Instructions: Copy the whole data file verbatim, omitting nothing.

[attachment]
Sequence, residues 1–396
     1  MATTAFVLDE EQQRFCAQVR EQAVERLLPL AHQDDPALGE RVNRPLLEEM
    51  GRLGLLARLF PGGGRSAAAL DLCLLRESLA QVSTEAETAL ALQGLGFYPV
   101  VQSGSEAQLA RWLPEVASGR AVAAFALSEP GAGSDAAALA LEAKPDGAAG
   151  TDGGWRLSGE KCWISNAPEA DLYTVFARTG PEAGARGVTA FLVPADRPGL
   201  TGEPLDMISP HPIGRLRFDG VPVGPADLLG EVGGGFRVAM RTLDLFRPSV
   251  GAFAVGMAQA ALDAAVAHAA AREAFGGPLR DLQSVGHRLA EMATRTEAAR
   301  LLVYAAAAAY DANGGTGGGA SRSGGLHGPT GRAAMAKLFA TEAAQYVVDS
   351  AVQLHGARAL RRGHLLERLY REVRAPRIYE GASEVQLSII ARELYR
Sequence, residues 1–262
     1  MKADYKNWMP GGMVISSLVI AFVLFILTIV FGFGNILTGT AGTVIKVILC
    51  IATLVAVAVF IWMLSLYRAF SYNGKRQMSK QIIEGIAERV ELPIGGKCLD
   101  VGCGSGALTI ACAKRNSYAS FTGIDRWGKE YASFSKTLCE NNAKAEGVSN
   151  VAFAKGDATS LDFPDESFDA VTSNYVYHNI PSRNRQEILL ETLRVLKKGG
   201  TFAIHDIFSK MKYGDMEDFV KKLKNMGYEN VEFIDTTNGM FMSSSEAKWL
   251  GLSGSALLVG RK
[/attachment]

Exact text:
Sequence, residues 1–396
     1  MATTAFVLDE EQQRFCAQVR EQAVERLLPL AHQDDPALGE RVNRPLLEEM
    51  GRLGLLARLF PGGGRSAAAL DLCLLRESLA QVSTEAETAL ALQGLGFYPV
   101  VQSGSEAQLA RWLPEVASGR AVAAFALSEP GAGSDAAALA LEAKPDGAAG
   151  TDGGWRLSGE KCWISNAPEA DLYTVFARTG PEAGARGVTA FLVPADRPGL
   201  TGEPLDMISP HPIGRLRFDG VPVGPADLLG EVGGGFRVAM RTLDLFRPSV
   251  GAFAVGMAQA ALDAAVAHAA AREAFGGPLR DLQSVGHRLA EMATRTEAAR
   301  LLVYAAAAAY DANGGTGGGA SRSGGLHGPT GRAAMAKLFA TEAAQYVVDS
   351  AVQLHGARAL RRGHLLERLY REVRAPRIYE GASEVQLSII ARELYR
Sequence, residues 1–262
     1  MKADYKNWMP GGMVISSLVI AFVLFILTIV FGFGNILTGT AGTVIKVILC
    51  IATLVAVAVF IWMLSLYRAF SYNGKRQMSK QIIEGIAERV ELPIGGKCLD
   101  VGCGSGALTI ACAKRNSYAS FTGIDRWGKE YASFSKTLCE NNAKAEGVSN
   151  VAFAKGDATS LDFPDESFDA VTSNYVYHNI PSRNRQEILL ETLRVLKKGG
   201  TFAIHDIFSK MKYGDMEDFV KKLKNMGYEN VEFIDTTNGM FMSSSEAKWL
   251  GLSGSALLVG RK